clock menu more-arrow no yes

Filed under:

One by one, Juventus Women is keeping its Italian core together

New, comments

When you do a lot of winning like this team has since its inception, it makes sense why you want to keep the band together.

Juventus Women v ACF Fiorentina - Women Coppa Italia Final Photo by Daniele Badolato - Juventus FC/Juventus FC via Getty Images

The problem with trying to cover the summer transfer window for Italian women’s soccer is that there simply isn’t much information out there. If you’re tired of all the rumors involving the Juventus men these days, you might as well just try and find something for the Juve women because it’s a time-consuming operation.

Juventus Women’s summer transfer activity has been somewhat quiet compared to others in Serie A Femminile, with only a couple of new additions truly jumping off the page. The bulk of Juve’s work has been done in house — and that’s why this is important.

Since the season ended with a domestic double and the summer months officially began, Juventus Women have signed the following players to contract extensions:

  • Asia Bragonzi
  • Melissa Bellucci
  • Doris Bacic
  • Sofie Pedersen
  • Lisa Boattin
  • Arianna Caruso
  • Aurora Galli
  • Barbara Bonansea
  • Cristiana Girelli
  • Martina Rosucci
  • Sara Gama

That’s a whole 11 contract extensions handed out since the final week of May to now, with Rosucci and Gama signing their new deals through 2021 and 2022, respectively, over the weekend, the early days of August. Nine of them are Italian, with Bacic (Croatia) and Pedersen (Denmark) being the only foreigners of the group. (Although, Bacic might as well be Italian with how she’s been embraced by her teammates.) The last five names were also part of Juventus Women’s eight-player representation at the Women’s World Cup this summer, helping Italy to a historic and unpredicted run to the tournament’s quarterfinal stage. Throw in Boattin renewing in May, and that’s six of the eight from the Italian women’s national team representation who have renewed.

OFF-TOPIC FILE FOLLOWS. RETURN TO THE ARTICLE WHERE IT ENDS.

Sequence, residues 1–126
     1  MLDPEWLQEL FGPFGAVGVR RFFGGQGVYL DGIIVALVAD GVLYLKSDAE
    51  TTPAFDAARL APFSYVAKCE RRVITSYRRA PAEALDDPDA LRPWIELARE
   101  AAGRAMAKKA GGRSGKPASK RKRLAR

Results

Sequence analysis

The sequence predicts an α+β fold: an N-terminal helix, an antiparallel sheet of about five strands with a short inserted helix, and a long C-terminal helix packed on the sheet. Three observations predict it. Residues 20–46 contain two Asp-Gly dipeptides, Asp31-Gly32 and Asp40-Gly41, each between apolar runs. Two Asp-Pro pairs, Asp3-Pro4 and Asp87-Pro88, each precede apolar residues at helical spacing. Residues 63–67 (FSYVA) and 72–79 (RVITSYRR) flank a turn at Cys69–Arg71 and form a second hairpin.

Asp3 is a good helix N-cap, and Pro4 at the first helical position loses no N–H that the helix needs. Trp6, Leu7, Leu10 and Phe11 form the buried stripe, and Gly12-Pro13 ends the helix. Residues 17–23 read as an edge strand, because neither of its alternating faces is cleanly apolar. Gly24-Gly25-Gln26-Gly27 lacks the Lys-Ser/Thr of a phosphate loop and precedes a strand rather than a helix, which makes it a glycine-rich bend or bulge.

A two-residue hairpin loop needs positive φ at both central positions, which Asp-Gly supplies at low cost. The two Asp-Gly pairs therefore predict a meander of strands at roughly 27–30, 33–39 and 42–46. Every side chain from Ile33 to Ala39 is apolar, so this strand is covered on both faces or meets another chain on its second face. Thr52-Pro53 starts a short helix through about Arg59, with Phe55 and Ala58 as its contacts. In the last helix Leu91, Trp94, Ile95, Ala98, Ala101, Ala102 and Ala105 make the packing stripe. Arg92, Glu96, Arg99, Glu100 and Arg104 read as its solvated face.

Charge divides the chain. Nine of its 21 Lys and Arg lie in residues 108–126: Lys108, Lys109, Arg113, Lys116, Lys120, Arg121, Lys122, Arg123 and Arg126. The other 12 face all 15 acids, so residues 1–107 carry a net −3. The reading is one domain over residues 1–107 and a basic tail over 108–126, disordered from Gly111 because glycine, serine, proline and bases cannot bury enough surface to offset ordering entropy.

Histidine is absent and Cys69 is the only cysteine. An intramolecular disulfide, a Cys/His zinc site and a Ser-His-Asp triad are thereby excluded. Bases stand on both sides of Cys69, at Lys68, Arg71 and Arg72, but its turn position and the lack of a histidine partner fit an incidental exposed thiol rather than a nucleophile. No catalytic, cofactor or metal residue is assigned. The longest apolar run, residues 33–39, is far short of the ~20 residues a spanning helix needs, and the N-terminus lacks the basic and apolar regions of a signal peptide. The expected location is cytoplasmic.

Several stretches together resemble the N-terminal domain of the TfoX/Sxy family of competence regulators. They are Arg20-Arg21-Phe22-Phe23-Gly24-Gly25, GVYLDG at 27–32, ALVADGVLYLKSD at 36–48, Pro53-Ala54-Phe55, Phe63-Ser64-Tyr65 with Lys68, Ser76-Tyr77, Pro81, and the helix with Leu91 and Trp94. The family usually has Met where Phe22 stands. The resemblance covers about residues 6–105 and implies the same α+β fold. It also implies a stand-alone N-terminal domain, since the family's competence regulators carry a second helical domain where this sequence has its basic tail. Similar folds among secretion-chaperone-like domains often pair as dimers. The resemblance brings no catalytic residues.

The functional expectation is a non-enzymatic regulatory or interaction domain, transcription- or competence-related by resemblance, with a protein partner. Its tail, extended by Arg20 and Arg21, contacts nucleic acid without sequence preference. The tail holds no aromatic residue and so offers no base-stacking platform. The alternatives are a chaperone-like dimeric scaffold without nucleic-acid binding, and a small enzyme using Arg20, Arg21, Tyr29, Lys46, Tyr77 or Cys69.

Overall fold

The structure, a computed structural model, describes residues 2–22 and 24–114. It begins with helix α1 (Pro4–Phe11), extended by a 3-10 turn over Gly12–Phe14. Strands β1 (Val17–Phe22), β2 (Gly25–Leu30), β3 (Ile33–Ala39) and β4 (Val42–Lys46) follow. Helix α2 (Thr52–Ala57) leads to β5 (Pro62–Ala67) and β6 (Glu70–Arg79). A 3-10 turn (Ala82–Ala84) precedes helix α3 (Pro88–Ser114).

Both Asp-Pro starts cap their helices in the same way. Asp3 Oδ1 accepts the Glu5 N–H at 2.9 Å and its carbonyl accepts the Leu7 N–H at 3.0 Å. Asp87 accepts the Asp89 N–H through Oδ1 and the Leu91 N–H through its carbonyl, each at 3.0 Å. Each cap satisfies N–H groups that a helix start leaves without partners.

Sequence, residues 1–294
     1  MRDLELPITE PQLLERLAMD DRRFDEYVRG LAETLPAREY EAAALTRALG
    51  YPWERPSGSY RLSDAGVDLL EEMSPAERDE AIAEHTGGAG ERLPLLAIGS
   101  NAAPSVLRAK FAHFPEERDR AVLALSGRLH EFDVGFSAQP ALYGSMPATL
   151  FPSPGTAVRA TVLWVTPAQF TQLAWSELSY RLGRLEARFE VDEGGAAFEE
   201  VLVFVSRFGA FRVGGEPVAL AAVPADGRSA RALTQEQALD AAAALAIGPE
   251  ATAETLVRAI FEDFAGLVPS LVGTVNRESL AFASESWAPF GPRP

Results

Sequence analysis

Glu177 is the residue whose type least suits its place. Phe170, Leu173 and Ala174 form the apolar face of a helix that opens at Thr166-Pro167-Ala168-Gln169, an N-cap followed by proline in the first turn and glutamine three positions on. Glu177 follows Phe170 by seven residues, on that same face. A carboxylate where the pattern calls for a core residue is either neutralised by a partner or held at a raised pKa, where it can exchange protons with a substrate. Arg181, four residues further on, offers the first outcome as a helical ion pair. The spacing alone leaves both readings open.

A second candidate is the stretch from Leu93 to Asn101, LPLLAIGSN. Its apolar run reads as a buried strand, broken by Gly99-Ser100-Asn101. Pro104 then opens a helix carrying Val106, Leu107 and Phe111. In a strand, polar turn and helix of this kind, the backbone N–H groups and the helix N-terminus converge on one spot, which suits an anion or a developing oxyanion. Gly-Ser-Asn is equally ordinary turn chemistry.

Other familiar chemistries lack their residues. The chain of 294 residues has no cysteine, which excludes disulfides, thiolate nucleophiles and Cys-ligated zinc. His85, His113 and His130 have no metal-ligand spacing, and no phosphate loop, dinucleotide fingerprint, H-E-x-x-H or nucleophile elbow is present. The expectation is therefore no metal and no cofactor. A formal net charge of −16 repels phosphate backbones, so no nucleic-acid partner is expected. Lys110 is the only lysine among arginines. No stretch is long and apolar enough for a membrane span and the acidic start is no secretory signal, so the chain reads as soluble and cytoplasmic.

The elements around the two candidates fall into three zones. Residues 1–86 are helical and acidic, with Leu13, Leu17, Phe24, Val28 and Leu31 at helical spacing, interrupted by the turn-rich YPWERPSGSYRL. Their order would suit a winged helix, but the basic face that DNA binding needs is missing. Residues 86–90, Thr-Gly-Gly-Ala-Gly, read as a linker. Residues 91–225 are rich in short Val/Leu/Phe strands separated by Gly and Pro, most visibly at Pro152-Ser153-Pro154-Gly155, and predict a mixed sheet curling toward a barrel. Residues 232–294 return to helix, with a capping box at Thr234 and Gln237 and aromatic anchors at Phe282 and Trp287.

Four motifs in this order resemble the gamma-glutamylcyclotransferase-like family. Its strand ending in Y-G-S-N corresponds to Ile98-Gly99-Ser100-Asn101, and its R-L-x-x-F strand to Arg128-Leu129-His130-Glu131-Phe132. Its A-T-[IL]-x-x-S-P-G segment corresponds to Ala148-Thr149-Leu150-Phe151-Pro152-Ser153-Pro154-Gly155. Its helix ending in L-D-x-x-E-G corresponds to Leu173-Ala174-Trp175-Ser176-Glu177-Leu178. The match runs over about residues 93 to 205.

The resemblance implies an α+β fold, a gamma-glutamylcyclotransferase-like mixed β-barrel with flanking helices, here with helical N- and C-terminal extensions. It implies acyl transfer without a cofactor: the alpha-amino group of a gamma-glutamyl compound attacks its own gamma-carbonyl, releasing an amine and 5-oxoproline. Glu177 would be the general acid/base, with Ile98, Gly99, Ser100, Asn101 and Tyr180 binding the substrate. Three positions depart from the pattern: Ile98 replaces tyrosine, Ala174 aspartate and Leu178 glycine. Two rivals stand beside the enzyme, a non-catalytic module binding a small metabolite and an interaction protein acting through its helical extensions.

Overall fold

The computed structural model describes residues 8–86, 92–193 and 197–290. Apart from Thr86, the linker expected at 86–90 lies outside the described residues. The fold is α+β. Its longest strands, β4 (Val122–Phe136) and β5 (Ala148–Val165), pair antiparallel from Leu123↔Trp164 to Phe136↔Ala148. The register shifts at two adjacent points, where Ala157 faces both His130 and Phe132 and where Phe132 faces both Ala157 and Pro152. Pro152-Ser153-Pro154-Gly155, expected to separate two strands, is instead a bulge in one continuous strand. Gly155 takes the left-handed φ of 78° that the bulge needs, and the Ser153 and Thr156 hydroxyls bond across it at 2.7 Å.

And based on how the summer has gone, the odds of the other two Italians who took part at the Women’s World Cup — goalkeeper Laura Giuliani and midfielder Valentina Cernoia — signing their own contract extensions seem rather favorable at this point.

It’s important, too.

Juventus is just two years into the club’s women’s football adventure. Obviously, the club has done a lot of winning from the very beginning, capturing the Scudetto in both of their seasons active while also winning the domestic double this past season. And while players have come and gone each of the last two summers — those who have clearly been brought in on one-year deals to add squad depth — it’s not like their best players have gotten a couple of years under their belt in Turin and then gone to seek opportunities elsewhere.

That’s even more of the case now, with Italy’s strong showing at the Women’s World Cup potentially serving as a possible launching pad to higher-paying clubs. It’s not like they’re currently making a huge chunk of change — or are even considered full-time professionals — in Italy right now, so for players who are in the prime of their career to commit to a situation where their professional standing might as well be attached to how successful they are is a rather impressive choice from a talented group of women.

Continued success is obviously important.

But so is the case to be to made that these women who are committing so much and not making a whole lot of money need to be declared as full-time professionals.

One goes with the other, and Juventus having success domestically — and likely in the Women’s Champions League as well — can continue to make that case stronger.

At least for now, those in charge of the Juventus Women roster have decided to basically run it back for the 2019-20 season. Knowing what they’ve done the last two seasons, you can see why that’s been the case — and why they want to keep the heavily-Italian band together again.